Development of an olfactory test method for measuring perception of everyday food odors among older adults
Research output: Contribution to journal › Journal article › Research › peer-review
Age related decline in olfactory function has major implications for food intake in older adults as the sense of smell is essential to the perception of food. The aim of this study was to develop an olfactory test method that addresses the consequences of decline in intensity perception in relation to food appreciation. This test was developed in four steps: (a) Selection of diverse food odors, evaluated on perceived familiarity. (b) Standardization of an intensity reference level for food odors in relation to 1-butanol. (c) Assessment of shelf-life stability. (d) Test–retest reliability for intensity and identification. Fourteen food odors comprising asparagus, bacon, banana, cinnamon, curry, coffee, fried meat, mushroom, onion, orange, raspberry, thyme, toasted bread, and vanilla obtained satisfactory familiarity score, test–retest reliability, and a stable shelf-life except for cooked fish which was therefore excluded. This food odor test is a promising tool for evaluating olfactory performance in older people in relation to common foods and changes in preferences. However, more work is needed to further evaluate the method in practice in a larger cohort including older adults and a reference group. Practical Applications: This food odor test using complex food odors is relevant in settings where meals are customized to improve food intake in older adults.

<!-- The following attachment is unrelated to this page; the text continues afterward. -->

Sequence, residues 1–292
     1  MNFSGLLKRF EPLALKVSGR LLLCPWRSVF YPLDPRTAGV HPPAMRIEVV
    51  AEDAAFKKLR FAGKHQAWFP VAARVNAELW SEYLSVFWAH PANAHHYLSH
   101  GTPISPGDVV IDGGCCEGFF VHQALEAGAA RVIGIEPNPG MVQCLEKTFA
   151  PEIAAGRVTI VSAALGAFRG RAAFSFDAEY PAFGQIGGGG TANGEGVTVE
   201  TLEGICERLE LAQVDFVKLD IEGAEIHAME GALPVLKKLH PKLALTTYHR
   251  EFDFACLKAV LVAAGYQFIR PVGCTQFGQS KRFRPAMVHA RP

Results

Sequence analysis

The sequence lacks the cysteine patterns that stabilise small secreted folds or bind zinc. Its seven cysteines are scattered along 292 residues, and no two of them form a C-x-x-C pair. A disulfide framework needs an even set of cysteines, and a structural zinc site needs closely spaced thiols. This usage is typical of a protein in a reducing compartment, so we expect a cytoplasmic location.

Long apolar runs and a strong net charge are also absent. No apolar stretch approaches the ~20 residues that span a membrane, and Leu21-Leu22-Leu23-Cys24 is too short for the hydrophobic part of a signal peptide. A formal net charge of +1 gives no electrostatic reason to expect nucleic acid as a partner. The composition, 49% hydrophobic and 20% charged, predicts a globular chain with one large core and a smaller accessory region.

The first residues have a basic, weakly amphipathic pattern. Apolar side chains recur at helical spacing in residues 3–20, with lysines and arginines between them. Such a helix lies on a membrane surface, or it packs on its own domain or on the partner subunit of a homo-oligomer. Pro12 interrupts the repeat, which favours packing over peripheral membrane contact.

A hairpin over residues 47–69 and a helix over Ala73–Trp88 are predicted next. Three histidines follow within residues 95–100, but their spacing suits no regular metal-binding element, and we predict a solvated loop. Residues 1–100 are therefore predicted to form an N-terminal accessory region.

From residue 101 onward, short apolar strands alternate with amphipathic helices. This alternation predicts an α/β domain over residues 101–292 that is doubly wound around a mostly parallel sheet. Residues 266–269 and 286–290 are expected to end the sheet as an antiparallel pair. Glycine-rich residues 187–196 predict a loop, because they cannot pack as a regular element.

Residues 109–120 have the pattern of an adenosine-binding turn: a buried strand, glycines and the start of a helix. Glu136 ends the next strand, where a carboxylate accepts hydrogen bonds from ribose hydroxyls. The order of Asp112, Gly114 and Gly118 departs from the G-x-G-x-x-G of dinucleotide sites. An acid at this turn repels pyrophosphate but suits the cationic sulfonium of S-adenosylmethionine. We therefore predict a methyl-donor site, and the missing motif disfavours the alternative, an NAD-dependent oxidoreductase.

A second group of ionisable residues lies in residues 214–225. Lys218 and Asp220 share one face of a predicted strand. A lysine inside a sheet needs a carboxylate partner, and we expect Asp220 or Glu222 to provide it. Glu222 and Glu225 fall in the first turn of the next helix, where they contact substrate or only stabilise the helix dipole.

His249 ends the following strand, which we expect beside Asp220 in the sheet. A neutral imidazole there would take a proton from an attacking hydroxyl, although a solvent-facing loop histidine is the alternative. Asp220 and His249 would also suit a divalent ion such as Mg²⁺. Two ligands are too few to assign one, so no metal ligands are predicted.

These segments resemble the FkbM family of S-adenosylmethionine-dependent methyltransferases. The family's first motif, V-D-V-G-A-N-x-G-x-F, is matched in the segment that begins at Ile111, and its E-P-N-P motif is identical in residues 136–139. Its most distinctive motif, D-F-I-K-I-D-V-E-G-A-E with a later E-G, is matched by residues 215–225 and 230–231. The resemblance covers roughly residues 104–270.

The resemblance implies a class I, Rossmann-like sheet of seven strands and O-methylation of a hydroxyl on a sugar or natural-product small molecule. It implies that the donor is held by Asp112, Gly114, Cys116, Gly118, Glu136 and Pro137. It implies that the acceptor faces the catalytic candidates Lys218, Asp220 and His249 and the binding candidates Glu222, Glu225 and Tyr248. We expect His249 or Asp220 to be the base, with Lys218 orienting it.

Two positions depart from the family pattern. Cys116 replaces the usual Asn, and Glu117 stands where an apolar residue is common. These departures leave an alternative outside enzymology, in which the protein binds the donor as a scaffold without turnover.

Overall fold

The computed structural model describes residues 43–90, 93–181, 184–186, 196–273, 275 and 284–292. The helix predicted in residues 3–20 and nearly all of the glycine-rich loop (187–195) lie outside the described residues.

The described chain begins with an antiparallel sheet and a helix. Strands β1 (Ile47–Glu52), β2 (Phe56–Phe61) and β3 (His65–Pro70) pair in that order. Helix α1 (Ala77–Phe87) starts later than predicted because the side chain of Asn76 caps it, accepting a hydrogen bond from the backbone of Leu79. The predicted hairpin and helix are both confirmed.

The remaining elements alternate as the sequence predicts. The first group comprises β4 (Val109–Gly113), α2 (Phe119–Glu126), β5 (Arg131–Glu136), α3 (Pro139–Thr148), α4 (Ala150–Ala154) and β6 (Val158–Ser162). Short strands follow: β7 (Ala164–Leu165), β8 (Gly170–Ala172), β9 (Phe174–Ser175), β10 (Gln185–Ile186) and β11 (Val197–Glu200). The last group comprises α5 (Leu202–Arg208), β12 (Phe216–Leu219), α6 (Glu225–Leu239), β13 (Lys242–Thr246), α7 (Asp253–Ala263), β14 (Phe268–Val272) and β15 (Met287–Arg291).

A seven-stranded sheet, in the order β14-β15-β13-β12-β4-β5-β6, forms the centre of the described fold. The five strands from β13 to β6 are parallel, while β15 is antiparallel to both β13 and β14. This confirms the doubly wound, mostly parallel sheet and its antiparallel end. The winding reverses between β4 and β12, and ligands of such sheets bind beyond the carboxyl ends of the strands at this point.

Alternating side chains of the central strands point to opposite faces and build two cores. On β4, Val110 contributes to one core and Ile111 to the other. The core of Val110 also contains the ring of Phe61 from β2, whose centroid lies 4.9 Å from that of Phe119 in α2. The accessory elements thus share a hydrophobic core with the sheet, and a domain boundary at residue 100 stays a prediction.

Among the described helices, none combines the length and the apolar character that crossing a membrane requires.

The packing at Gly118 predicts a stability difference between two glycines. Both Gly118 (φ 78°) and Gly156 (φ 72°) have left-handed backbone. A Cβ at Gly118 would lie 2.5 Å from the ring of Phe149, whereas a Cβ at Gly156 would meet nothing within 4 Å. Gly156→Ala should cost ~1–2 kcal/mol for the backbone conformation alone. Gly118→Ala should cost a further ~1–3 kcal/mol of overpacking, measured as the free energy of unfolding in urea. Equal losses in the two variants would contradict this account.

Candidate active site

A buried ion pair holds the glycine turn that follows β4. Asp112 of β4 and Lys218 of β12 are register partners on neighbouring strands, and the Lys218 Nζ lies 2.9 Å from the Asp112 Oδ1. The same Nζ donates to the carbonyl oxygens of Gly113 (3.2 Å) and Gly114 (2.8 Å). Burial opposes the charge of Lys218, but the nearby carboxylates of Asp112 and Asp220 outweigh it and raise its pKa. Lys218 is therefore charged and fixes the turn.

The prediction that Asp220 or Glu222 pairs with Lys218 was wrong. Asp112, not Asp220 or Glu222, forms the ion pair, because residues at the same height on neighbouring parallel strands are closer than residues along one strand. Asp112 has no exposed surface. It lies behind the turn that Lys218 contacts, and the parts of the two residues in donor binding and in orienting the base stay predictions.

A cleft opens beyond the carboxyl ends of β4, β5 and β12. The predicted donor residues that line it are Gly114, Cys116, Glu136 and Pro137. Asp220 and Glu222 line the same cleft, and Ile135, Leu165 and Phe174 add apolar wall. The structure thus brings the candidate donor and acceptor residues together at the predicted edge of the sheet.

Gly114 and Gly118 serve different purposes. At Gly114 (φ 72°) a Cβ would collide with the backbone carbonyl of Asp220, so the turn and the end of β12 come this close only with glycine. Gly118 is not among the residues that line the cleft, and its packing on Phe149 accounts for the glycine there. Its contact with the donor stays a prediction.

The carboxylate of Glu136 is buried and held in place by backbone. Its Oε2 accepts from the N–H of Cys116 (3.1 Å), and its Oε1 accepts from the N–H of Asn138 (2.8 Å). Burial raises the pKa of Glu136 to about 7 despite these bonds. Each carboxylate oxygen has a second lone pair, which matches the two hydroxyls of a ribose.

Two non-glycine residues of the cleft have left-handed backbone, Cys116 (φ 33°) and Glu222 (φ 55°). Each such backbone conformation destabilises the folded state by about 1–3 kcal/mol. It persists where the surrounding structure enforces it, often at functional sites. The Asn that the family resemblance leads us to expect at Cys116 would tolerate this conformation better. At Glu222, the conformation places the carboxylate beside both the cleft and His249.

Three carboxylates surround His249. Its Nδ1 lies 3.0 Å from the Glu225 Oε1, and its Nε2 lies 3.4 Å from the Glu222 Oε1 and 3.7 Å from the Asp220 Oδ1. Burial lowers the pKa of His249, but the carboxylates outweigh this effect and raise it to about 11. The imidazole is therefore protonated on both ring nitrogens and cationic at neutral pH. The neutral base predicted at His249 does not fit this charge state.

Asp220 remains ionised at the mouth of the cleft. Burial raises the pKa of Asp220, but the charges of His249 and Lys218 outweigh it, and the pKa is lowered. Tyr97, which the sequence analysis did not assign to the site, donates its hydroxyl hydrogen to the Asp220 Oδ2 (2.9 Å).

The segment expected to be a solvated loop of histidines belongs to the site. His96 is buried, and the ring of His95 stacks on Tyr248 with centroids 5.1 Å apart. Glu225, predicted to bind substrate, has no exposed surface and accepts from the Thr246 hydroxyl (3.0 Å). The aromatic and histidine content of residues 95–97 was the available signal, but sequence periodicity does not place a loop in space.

|Journal||Journal of Sensory Studies|
|Number of pages||16|
|Publication status||E-pub ahead of print - 2021|
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